Carol Vickers with a dog. They are both wearing red berets

Carol Vickers tells us how she went into silversmithing in response to NHS delays, why she’s an avid YouTuber, and how her world opened up during the covid lockdown.

How do you identify as disabled, and what does it mean to you?

I have Ehlers Danlos Syndrome, arthritis, and ADHD. While these create challenges in my daily life, I think they’ve also taught me adaptation and resilience, which are themes that are reflected in my work as a silversmith and jewellery designer.

I campaign for disability equality and improved access by working with disability charities.

Tell us a little about your business.

Created by Carol is a relatively new business that grew from a hobby. I make solid silver jewellery with a purpose: my collections include fidget jewellery for people with anxiety or neurodivergent conditions, adjustable rings for anyone with hand swelling or arthritis, and a range of upcycled antique cutlery, which is a direct response to today’s disposable, fast fashion.

Why did you start the business? Share your story so far.

I originally went to silversmithing classes because I was tired of waiting for NHS ring splints to support my fingers. The splints took six months to arrive and when they did, they were bendy and ill-fitting, so I decided to learn to make my own! Once I started working with silver, I was hooked. I felt like I immediately understood how it moved and changed: the possibilities seemed endless.  My assistance dog patiently sat through all my night school classes and was the belle of the ball! When lockdown happened, I carried on practising and learning at home, and soon people began asking if I would sell my creations to them.

What do you see as the main challenges facing your business and its continued operation or growth?

My business was selected as a SmallBiz100 in 2022, but it is still in its early stages and I currently fit it around my day job, so time is always pressured.

Ring made by Carol Vickers

My disabilities present their own challenges: I have a connective tissue disorder plus Raynaud’s Syndrome and carpal tunnel syndrome, all of which affect my grip and cause hand pain, numbness and weakness – which are not ideal for a silversmith who is constantly using tiny gemstones!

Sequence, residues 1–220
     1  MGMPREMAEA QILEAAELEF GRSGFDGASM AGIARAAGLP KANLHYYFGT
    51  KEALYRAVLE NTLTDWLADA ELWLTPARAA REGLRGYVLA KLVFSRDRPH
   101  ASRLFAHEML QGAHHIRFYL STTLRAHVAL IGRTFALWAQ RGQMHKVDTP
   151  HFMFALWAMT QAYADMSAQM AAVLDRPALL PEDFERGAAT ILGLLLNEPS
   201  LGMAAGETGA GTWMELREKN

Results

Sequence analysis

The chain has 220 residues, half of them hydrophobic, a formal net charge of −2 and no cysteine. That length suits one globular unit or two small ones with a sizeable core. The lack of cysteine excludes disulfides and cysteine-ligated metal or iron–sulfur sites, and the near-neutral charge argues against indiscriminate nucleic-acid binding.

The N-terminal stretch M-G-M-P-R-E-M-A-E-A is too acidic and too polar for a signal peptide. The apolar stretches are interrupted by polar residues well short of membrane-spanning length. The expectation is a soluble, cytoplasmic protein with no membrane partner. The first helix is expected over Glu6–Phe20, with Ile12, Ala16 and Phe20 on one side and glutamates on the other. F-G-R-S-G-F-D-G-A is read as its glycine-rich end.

What can we do to encourage more disabled entrepreneurs to start businesses – what is holding them back and what can we all do to help change that?

I think something that really struck me during the pandemic was how many opportunities suddenly became available online. During covid 19, I was able to attend webinars, events and courses virtually that had previously been inaccessible to me as a disabled person, because it’s difficult for me to travel. The transformation of learning from in-person to at home was amazing for so many disabled people. It felt like the world had opened up – ironic in the middle of a lockdown!

I’m adamant that support services, educators, etc should not automatically return to in-person events post-covid. To do so will once again exclude so many inventive, brilliant, disabled people and make it so much harder for them to reach their potential.

Earring made by Carol Vickers

If there was one thing you could change about peoples’ perception of disability what would it be and why?

I don’t believe people are disabled by their health conditions, so much as by the barriers society puts in their way.

For example, I am really bad at maths and really bad at walking. Society ensures that I have a calculator available to me all the time: in my phone, my office, my computer, etc, so my inability to count well doesn’t disable me. If I had that sort of access to suitable public transport, dropped kerbs, online events rather than face-to-face, and buildings incorporating inclusive design, then my inability to walk well wouldn’t be a disability either.

If society at large realised that disability is created by decisions and attitudes, I think accessibility and inclusivity would increase exponentially.

Who or what inspires you?

History inspires me. I have always loved vintage aesthetics. My home is full of antiques, I wear vintage styles, and I’m fascinated by design from the 1860s to the 1960s. Much of my work has a retro feel or is made from upcycled antiques. The opportunity to take the best of the past and give it a new life in the present just blows my mind.

Do you have a recommendation for a book or a podcast which has helped you along your journey?

I’m an avid YouTuber! There are so many tutorials and things to learn for free! What an amazing resource. Also, when I need a bit of a boost, I like a good TED Talk!